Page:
on January 22nd 2013
Sarah O’Brien is alive because of the pact she and her brother made twelve years ago — James will protect her from their violent father if she promises to never leave him. For years, she’s watched James destroy his life to save hers. If all he asks for in return is her affection, she’ll give it freely.
Until, with a tiny kiss and a broken mind, he asks for more than she can give.
Sam Donavon has been James’ best friend — and the boy Sarah’s had a crush on — for as long as she can remember. As their forbidden relationship deepens, Sarah knows she’s in trouble. Quiet, serious Sam has decided he’s going to save her. Neither of them realizes James is far more unstable than her father ever was, or that he’s not about to let Sarah forget her half of the pact...
There’s a fist-clenching feeling in my stomach, tear pools in my eyes. In the past, select stories have stirred some emotion out of me, mainly mentally with a few shedded tears here and there. This is the first time that a story has moved me to such a degree of physical response. I feel like my emotions are revolting against the floodgate I’ve constructed. It’s hard to describe my feelings towards Flawed without bursting into tears. I sit here wrecked, having had my emotions thrown through the wringer, and now left with a firm belief that Flawed is one of the most remarkable books I’ve ever read. Devastating and dark doesn’t even begin describe this story, but it’s a good place to start.
Sarah O’Brien’s life is abysmal. Her father’s a monster, a once famed boxer who delegates his time between work at the paper mill, chugging beers and beating his children and wife. His presence was like a dark shadow that Sarah couldn’t escape from, a nightmare replayed over and over again. Sarah’s mother, always high off of this or that medication was useless, unable to help anyone let alone herself. Then there’s James. The constant, shining star in Sarah’s life. All their life, Sarah and James have clung to each other for comfort, support and protection. The bond between these two were nigh impenetrable. That is, until Jame’s instability really came to light, and Sarah found a sense of freedom in Sam’s promises.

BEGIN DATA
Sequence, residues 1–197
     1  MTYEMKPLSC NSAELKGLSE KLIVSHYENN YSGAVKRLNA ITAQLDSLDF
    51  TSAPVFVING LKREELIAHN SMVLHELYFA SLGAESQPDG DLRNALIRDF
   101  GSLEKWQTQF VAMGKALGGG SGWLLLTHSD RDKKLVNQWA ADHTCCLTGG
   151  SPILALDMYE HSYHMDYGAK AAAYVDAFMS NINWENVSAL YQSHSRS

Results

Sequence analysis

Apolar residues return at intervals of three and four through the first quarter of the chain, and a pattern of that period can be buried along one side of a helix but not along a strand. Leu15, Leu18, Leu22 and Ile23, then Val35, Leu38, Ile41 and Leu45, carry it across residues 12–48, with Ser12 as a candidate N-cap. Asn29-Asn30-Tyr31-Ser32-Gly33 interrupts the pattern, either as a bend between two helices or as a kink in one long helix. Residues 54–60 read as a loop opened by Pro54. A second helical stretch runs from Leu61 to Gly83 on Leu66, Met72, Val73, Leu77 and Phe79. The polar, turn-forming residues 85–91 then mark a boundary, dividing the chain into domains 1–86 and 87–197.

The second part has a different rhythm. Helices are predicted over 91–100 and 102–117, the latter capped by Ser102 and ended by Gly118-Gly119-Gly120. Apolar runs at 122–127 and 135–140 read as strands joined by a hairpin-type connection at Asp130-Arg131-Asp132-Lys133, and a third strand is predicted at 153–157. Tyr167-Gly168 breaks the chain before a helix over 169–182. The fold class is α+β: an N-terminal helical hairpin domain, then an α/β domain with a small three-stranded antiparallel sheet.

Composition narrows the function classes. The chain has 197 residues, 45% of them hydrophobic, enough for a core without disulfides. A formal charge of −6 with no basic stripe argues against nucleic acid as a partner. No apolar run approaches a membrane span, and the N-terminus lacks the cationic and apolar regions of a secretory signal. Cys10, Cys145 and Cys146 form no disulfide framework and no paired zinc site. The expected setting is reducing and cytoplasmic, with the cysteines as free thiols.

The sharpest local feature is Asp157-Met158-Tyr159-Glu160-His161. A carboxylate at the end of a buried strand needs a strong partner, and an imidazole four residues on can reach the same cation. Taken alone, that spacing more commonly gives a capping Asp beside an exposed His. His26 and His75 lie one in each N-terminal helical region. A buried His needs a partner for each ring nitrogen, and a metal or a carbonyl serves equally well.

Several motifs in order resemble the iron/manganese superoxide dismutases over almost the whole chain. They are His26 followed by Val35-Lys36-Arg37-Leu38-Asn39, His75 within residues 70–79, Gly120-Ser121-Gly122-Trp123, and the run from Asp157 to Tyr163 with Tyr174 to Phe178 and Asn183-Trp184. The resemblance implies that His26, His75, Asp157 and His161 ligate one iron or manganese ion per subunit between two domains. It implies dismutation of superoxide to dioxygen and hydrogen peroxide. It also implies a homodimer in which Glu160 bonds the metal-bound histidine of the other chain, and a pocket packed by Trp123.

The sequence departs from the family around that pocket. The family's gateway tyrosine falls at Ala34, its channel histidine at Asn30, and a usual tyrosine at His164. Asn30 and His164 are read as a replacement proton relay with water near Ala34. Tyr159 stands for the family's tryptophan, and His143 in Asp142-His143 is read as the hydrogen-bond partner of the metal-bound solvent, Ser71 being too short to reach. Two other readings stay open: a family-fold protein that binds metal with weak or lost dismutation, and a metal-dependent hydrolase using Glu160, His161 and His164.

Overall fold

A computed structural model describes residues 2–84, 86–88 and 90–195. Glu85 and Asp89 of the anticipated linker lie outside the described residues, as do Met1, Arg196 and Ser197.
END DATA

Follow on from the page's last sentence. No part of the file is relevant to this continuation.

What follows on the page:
Flawed is gut-wrenching and heart-breaking. It was an emotional roller-coaster that kept plummeting down into a dark, dreary tunnel. In a way I’m glad that my job prevented me from reading this whole book in one sitting. If I hadn’t read, breaked, than read some more, I don’t know what state I’d be in. I’m already in an emotional-overload as it is. Every cruel, revolting and downright horrific thing Sarah went through had me clutching tissues and sobbing. There were those cute, hope-filled moments here and there, especially when Sam was involved, but they weren’t enough to lift the sorrow-filled haze clouding my mind.
The moment I saw Flawed I knew I needed to read it, a decision I’ll forever be glad I made. It was an experience never before experienced, and never to be forgotten. Avelynn weaves a story so disturbing yet real that had me rapidly flipping the pages. I was so hooked on Sarah’s story. Every physical and emotional obstacle Sarah went through, just made my hope for her brighter future, that much higher.
Flawed is an easy 5 stars. The story although, dark and highly controversial, is raw and beautiful. Strip away the abuse, the drug use and tinged hints of incest, and you have a girl just trying to discover who she is and what she wants out of life, and most importantly, realizing that she does deserve a happy ending.
“I have no idea what he sees in me. Strength he says. Beauty. A big heart. I see none of these things. I see fear, flaws, and a heart so full of blackness I can’t give up on my own selfish wants to set him or my brother free.”
Flawed is being marketed as a Young Adult book, however I’d argue that it definitely belongs in the New Adult domain. There are a lot of mature scenes and concepts that are most definitely not suited for tweens or younger teens. I’d say 17+ for mature language, scenes including yet not limited to violence, sex, and drugs.